GREAT BOOKS FOR PRESCHOOL CHILDREN - (some personal favorites)

The Stray Dog by Marc Simont
A touching book about a family that finds a scruffy, stray dog in the park.  A wonderful example of the way an illustrator can enhance a story through pictures.

If You Give a Mouse A Cookie by Laura Numeroff
A funny book of zany cause and effect.  This is a surefire winner with children, who will want to hear it read over and over.

The Snowy Day by Ezra Jack Keats
A simple tale of a boy who wakes up to find that his world is draped in snow.  A book that has stood the test of time and still evokes a winter wonderland.

Leo The Late Bloomer by Robert Kraus
A story about a boy who's behind in nearly everything.  Read this book to children who can't do the things their friends or siblings can do.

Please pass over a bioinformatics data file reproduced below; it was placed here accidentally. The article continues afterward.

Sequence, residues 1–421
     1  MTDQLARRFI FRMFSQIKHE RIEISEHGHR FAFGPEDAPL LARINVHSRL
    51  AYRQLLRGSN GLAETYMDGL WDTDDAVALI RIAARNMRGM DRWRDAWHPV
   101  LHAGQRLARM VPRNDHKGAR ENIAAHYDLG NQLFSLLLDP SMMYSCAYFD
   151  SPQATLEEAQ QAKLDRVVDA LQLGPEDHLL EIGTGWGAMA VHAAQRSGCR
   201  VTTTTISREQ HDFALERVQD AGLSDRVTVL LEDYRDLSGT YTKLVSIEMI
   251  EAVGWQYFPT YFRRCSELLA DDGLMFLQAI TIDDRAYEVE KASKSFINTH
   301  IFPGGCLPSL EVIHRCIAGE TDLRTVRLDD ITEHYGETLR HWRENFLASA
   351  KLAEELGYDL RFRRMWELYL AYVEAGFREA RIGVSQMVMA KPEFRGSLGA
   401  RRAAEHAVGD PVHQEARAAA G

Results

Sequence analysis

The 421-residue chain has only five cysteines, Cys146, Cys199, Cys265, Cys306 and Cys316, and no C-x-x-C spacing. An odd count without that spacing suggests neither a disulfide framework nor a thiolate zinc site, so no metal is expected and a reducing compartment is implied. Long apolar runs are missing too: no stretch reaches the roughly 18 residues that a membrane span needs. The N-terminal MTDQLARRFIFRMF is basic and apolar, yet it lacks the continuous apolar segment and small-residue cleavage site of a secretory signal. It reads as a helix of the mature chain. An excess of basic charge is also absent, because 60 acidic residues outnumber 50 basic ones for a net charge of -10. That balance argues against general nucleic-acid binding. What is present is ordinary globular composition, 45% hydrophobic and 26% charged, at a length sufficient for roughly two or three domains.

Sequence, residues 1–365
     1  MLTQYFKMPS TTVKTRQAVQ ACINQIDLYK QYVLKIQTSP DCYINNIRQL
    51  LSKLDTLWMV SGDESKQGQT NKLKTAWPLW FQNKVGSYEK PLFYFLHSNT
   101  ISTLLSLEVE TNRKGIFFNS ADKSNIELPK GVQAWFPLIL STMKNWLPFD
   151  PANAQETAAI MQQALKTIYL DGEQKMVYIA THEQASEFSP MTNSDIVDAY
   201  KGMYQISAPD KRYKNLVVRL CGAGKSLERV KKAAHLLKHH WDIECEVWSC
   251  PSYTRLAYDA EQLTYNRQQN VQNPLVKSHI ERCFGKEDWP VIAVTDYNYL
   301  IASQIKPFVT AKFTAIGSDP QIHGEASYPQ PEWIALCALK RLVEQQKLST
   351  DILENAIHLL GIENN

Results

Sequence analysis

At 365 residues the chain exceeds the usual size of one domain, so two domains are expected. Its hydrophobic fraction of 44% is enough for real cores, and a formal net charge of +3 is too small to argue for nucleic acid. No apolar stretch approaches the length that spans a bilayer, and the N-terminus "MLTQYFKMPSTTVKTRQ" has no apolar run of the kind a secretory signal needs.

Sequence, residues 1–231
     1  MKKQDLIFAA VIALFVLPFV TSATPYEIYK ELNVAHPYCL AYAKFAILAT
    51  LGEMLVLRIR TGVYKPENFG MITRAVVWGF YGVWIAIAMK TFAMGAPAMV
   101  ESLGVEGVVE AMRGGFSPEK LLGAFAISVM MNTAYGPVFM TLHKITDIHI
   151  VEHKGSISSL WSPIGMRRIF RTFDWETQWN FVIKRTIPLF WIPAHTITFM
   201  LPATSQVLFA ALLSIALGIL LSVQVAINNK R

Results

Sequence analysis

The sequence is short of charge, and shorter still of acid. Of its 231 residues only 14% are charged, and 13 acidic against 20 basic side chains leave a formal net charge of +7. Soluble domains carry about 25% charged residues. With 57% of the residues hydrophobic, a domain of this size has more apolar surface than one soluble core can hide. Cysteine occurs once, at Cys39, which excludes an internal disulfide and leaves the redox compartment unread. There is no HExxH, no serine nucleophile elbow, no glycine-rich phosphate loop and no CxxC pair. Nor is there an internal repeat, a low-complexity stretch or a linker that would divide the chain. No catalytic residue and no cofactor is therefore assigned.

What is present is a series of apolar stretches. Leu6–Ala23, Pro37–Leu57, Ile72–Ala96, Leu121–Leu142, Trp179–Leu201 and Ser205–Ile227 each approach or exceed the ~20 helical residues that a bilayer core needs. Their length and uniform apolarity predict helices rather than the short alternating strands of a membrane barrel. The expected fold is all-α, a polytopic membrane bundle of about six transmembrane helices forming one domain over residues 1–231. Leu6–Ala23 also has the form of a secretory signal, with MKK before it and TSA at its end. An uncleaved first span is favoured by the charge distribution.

Officer Buckle and Gloria by Peggy Rathmann
A hilarious book with wonderful character.  This book tells the story of Officer Buckle who gives deadly dull presentations to schoolchildren about safety - until Gloria, the police dog, comes along.

Click, Clack, Moo: Cows That Type by Doreen Cronin
A story about cows who want to improve their working conditions.  The author has included a few big words for children to learn, but children seem to love the story anyway.

Olivia by Ian Falconer
Olivia is a high - energy pig who combs her ears and hates to take a nap. Another laugh-out-loud book with wonderful illustrations.

Julius the Baby of the World by Kevin Henkes
A great book for children with a new baby in the house.  Henkes captures all the emotions of a big sister whose parents pay too much attention to the new arrival.

The Very Hungry Caterpillar by Eric Carle
A very hungry caterpillar eats his way through various food items and the pages of the book itself.  Twelve million copies of this book have been sold and children still seem to love it.

Alexander and the Terrible, Horrible, Very Bad, No Good Day by Judity Viorst
This book is the remedy for children of all ages who have horrible, no good, rotten days.

Gayle's Note:
A annotated list of 100 Great Picture Books is in the Rainbow Resource Room